The retiring chief of ASIO said foreign interference is an ongoing “existential threat”, in a way that terrorism is not. (AAP: Lukas Coch)
Australia’s outgoing spy chief, Duncan Lewis, has warned foreign interference presents a greater threat than terrorism, describing it as an “existential threat” to the nation.
- Duncan Lewis says “the current scale … of foreign intelligence activity against Australian interests is unprecedented”
- An anti-foreign interference bill was passed last year and a new taskforce aimed at protecting Australian universities was recently announced
- Mr Lewis asked if the Australian Signals Directorate should “be deployed in the extreme in protecting Australians”
Speaking ahead of his retirement later this month, the director general of the Australian Security Intelligence Organisation (ASIO) said the risk from terrorism had “plateaued”, and espionage and foreign interference was “by far and away the most serious issue going forward”.
“Terrorism has never been an existential threat to established states,” Mr Lewis told the Lowy Institute in Sydney on Wednesday night.
“It is a terrible risk that our populations run and it is a very serious matter which must be addressed every day.
“The counter-espionage and foreign interference issue, however, is something which is ultimately an existential threat to the state, or it can be an existential threat to the state. It has the capacity to do that.”
The Federal Government passed anti-foreign interference legislation last year and recently announced a new taskforce aimed at protecting Australian universities.
Mr Lewis said the threat was not confined to “one particular nation”, although sophistication and intent varied greatly among other countries.
“ASIO assesses that the current scale and scope of foreign intelligence activity against Australian interests is unprecedented,” he said.
“Unlike the immediacy of terrorism incidents, the harm from acts of espionage may not present for years or even decades. These sort of activities are typically quiet, they’re insidious and they have a long tail.”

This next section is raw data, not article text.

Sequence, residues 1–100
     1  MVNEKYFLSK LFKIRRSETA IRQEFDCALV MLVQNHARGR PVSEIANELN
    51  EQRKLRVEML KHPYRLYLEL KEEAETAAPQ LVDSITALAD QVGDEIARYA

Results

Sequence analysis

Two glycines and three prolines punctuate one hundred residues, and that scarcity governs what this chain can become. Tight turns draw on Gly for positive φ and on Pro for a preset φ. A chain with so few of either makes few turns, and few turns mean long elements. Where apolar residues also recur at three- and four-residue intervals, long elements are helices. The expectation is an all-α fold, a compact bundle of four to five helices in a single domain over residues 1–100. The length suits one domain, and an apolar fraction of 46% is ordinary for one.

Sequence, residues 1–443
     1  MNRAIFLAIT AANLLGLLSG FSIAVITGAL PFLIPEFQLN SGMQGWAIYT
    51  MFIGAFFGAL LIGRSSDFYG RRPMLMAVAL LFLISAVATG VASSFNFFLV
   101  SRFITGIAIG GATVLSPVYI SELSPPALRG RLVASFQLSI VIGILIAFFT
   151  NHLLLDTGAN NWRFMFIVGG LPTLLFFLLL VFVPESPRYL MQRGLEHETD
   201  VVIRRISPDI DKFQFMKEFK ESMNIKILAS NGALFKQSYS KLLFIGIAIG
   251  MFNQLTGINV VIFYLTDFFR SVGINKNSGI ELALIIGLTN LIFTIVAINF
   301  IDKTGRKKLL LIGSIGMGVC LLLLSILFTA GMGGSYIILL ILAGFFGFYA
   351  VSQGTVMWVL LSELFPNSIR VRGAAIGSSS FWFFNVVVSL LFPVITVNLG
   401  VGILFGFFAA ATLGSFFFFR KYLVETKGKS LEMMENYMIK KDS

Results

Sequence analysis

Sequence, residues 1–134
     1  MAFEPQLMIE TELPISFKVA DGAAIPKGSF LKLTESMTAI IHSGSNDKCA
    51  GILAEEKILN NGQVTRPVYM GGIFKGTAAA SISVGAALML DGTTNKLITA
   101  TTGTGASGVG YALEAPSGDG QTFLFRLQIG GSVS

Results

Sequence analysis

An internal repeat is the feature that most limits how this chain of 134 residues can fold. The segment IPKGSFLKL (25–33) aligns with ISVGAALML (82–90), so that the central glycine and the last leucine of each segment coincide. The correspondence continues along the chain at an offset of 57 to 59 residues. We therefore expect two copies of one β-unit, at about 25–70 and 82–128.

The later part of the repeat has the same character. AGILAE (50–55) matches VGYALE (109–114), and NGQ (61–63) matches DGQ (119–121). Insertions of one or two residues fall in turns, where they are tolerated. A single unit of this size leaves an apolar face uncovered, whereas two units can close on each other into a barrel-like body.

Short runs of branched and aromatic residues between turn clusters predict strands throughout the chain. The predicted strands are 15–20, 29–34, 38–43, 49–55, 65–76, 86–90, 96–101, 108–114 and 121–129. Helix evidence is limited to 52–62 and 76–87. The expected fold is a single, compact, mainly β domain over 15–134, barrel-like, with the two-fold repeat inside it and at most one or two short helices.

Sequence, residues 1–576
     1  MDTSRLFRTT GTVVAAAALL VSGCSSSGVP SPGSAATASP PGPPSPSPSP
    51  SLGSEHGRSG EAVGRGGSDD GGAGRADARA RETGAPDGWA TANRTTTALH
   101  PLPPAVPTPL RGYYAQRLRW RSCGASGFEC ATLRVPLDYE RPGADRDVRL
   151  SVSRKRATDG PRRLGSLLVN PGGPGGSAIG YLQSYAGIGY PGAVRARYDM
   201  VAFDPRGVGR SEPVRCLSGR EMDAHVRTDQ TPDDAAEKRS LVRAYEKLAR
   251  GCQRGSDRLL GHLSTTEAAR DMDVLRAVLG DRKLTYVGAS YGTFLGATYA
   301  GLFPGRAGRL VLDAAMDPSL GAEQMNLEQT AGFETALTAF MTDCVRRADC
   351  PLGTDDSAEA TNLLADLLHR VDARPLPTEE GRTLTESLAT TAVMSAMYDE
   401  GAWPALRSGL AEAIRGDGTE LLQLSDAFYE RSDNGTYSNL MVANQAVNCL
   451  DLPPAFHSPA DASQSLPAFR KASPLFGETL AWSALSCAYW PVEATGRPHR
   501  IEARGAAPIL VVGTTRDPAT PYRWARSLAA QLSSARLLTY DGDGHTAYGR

Cyber threats also pose major risk, Lewis warns
Mr Lewis said Australia remained a “rich target” for state-sponsored cyber attacks and suggested the Government should consider giving the Australian Signals Directorate (ASD) domestic spying powers.
ASD’s powers have been the subject of controversy after a News Corp article suggesting the agency’s role could be expanded led to police raids on the home of journalist Annika Smethurst earlier this year.
“It is emerging every day, new information about how we are threatened or we are advantaged by the cyber vector,” Mr Lewis said.
“And I think that, as we have those discussions, it is necessary to have a look at capabilities such as the Australian Signals Directorate to see whether it can inform, or assist, or be deployed in the extreme in protecting Australians.”
Mr Lewis was appointed to lead ASIO in 2014 after a career in the military and other senior public service roles and said the “churn” in political leadership over the past decade had had an impact.
“What’s changed over those 10 years or more is that the pulse of politics is moving increasingly quickly while the pulse of policy making remains on a fairly long sinusoidal curve,” he said.
“Stability is a virtue in many respects and it has had something of an impact on security.
“But I must say that there is a kind of ensuring dimension to the security debate … It’s a far more sophisticated and complicated discussion now within government than it was 10 or 15 years ago.”
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